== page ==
Editors Notes: This article was written in the wake of the tragedy that struck Michigan State’s campus by a passionate alumni.
When I’m driving down Grand River past MSU’s campus, I’ve never been able to keep my eyes entirely focused on the road. Sure, there’s good people-watching, especially when the Peanut Barrel’s patio opens in the spring. I’ve always been more focused on the brick buildings across the street that set north campus apart from the rest.
When I first got to MSU, I thought about what those old buildings had seen; the people, the lectures, the eureka moments that some nameless PhD student lost to time experienced while toiling away on their dissertation.
Sadly, those buildings became the scene of the latest tragedy in America’s mass shooting epidemic. On Monday, a Lansing man opened fire, attacking a community he had no stake in, no history with, and no connection to, outside of an accident of geography. It’s not a tangible thing, but all places carry meaning, college campuses perhaps most of all.
I was a history major at MSU, and as a result, I spent a lot of time in Berkey Hall. It’s an old building full of classrooms that, at least when I was in school, were complete with chalkboards and cramped DMV style desks. For the first few weeks of the fall semester and the last couple weeks in the spring, there were days where the heat was stifling, and no amount of open windows would help with circulation. Even though it wasn’t, and never will be the Ritz, it was where the discussions happened. It’s where the tests happened. It’s where the lectures happened. It’s where I first heard about the Moroccan Crisis of 1905 and subsequently what “doing History” actually was. The things I thought about inside those walls are why I do what I do professionally, and why my life is what it is today.
So, when I refreshed my Twitter feed around 8:30 on Monday night to see that shots were fired in the area of that building, I had a knot in my stomach that still hasn’t entirely left. The people in there, whose lives were in danger, were me ten years ago. They were doing what college students do - meeting in clubs, listening to a speaker, doing homework, doing normal things that nobody should have to think twice about.
This Lansing area community is my home. My two year old son loves going to the Broad Art Museum for their kid’s day programming, the same Broad Museum that sits next door to Berkey along Grand River. He also likes watching the ducks along the river behind the Administration Building, and my dog likes to harass those same ducks, despite my best efforts.
I like to park by the Union when we go out to eat in East Lansing, then when the inevitable toddler rage hits, we can walk on the beautiful grounds around the building, while he excitedly says “Sparty” every time he sees a Spartan helmet. Students, alumni, and staff have this strong connection to this place in common. The fact that a reclusive loner in the midst of a years-long decline in mental stability chose to attack this community, and murder three people on the same path that so many of us walk, is painful. It’s senseless in the truest form of the word. Michigan State did nothing to this man besides exist within walking distance of his shabby home, but that didn’t stop him from exploding in destructive rage.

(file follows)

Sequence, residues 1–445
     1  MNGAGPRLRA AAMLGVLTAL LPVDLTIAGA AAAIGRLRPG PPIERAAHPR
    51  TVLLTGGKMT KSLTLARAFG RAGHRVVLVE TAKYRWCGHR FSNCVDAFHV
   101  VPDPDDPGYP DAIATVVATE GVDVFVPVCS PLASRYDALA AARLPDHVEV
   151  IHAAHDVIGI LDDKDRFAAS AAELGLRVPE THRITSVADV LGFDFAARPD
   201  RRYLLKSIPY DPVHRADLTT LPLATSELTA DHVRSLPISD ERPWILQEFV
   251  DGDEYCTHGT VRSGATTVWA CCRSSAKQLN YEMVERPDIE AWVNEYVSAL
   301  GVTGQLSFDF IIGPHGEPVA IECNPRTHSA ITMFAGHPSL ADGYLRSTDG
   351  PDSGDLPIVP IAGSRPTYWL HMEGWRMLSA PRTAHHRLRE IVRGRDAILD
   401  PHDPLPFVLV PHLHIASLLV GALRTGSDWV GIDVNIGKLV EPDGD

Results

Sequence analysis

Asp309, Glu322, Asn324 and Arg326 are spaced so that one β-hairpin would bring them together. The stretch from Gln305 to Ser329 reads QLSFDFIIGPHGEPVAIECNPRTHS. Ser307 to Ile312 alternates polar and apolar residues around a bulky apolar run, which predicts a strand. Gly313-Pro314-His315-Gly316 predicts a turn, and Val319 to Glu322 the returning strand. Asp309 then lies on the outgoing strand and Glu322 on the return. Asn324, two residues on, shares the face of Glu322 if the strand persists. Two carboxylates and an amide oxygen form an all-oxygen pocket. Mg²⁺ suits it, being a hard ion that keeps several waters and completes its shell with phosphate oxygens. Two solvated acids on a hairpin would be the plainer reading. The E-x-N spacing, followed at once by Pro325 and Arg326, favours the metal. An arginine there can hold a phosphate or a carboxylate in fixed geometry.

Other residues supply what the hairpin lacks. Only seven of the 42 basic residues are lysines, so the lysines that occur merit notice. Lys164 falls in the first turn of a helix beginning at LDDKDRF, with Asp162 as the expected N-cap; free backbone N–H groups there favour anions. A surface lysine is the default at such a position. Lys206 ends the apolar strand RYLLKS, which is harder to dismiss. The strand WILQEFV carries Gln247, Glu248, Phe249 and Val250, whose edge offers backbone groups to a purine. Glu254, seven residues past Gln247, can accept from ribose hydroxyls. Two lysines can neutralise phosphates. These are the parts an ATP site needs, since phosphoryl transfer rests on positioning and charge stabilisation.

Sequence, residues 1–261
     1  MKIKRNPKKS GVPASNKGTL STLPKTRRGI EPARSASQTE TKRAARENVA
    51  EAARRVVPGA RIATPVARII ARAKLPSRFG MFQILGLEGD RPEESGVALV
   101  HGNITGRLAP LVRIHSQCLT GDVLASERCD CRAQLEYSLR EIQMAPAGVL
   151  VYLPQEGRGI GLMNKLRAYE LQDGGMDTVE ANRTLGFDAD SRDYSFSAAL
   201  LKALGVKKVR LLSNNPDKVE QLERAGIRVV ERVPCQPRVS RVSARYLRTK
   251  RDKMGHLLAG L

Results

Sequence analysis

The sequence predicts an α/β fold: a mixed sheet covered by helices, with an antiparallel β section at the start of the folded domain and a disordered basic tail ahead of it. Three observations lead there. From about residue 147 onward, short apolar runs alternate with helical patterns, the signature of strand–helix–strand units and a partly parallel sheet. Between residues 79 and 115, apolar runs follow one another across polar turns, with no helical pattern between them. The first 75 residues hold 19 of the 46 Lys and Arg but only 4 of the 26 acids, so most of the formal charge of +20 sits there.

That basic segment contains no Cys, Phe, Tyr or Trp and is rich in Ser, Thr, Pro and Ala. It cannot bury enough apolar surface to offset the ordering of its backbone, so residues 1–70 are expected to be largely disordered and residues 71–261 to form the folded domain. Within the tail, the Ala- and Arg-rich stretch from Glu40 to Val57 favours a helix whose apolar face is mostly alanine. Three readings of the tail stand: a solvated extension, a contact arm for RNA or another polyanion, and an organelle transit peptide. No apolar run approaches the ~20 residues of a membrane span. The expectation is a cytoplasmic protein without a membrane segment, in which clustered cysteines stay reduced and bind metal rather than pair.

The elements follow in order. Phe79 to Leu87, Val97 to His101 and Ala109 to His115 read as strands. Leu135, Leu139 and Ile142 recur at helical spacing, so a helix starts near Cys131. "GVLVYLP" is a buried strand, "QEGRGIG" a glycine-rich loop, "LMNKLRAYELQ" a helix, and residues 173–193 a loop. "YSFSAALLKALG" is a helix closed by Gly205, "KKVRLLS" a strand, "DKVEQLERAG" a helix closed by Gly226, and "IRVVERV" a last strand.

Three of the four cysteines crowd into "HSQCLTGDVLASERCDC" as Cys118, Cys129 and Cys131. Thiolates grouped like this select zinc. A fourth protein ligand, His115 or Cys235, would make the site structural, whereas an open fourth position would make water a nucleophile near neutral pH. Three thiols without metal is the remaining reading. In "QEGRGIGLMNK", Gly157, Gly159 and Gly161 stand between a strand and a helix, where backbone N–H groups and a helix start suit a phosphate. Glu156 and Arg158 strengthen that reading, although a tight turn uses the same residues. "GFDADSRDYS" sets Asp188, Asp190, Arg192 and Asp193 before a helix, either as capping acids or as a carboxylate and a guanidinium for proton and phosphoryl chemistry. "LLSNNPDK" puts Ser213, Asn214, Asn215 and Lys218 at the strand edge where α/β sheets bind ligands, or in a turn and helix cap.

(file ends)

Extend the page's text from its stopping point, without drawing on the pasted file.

This website, and every other like it, exists because of our collective obsession with college sports. Every person who attends a school doesn’t necessarily become a fan of their sports teams, but those teams are the simplest representation of what that school is - a more relatable way of looking at university rankings.
University campuses around the country are the crucibles in which kids form their identities and expertises that they take into the adult world. The connection that exists between someone and their school is hard to break.
New experiences, ideas, people, relationships, skills, and hobbies all fly at every undergraduate at an incredible pace, and that leaves an impression that never disappears. Once we graduate, those colors, the only colors, are the most visible connection to that place that exists. Even the most casual Spartan graduate has no choice but to smile when they see a quick headline about the women’s soccer team winning the Big Ten, or glimpse an old clip of Michael Geiger windmilling down the field in unadulterated glee. It shows that the place that helped form them into the grown person they are is still chugging along, showing excellence somewhere.
Last week, I was walking back to my car after Michigan State’s basketball game against Maryland when I felt a sense of peacefulness. It was almost 1 AM, and I’d been doing some postgame writing in the press room at the Breslin Center. Under the sanitized fluorescent lights, it could have been 1 AM or 2 PM and it would have felt the same indoors, but once I stepped outside, it couldn’t have been more different. It was crisp and the night sky was clear, and I couldn’t help but feel the calm wash over me walking across campus.
That sense of peace is shattered right now, even though the suspect is no longer around to inflict more pain and plunge the community into further chaos. I hope that the students on campus now, who just experienced a sense of fear that even being a few minutes down the road helped dull, can eventually walk across campus and feel that sense of peace in such a special place. I wish that I had been able to bottle that feeling up, so we could all experience what that level of peace is like when we need it most.